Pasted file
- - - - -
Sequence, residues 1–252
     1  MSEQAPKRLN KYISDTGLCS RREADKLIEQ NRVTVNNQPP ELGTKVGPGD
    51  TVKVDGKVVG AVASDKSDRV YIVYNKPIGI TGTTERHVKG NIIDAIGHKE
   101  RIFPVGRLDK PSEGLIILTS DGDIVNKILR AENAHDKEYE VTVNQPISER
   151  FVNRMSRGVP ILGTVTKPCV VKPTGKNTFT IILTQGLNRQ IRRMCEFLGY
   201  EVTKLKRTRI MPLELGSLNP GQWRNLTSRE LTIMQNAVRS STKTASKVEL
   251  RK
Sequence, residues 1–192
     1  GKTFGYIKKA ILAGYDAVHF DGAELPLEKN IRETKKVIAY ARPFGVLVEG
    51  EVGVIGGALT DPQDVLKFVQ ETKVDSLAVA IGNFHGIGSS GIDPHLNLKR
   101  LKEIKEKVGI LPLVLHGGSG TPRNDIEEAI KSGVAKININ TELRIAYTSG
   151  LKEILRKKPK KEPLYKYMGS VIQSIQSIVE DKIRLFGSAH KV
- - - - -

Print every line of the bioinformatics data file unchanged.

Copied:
Sequence, residues 1–252
     1  MSEQAPKRLN KYISDTGLCS RREADKLIEQ NRVTVNNQPP ELGTKVGPGD
    51  TVKVDGKVVG AVASDKSDRV YIVYNKPIGI TGTTERHVKG NIIDAIGHKE
   101  RIFPVGRLDK PSEGLIILTS DGDIVNKILR AENAHDKEYE VTVNQPISER
   151  FVNRMSRGVP ILGTVTKPCV VKPTGKNTFT IILTQGLNRQ IRRMCEFLGY
   201  EVTKLKRTRI MPLELGSLNP GQWRNLTSRE LTIMQNAVRS STKTASKVEL
   251  RK
Sequence, residues 1–192
     1  GKTFGYIKKA ILAGYDAVHF DGAELPLEKN IRETKKVIAY ARPFGVLVEG
    51  EVGVIGGALT DPQDVLKFVQ ETKVDSLAVA IGNFHGIGSS GIDPHLNLKR
   101  LKEIKEKVGI LPLVLHGGSG TPRNDIEEAI KSGVAKININ TELRIAYTSG
   151  LKEILRKKPK KEPLYKYMGS VIQSIQSIVE DKIRLFGSAH KV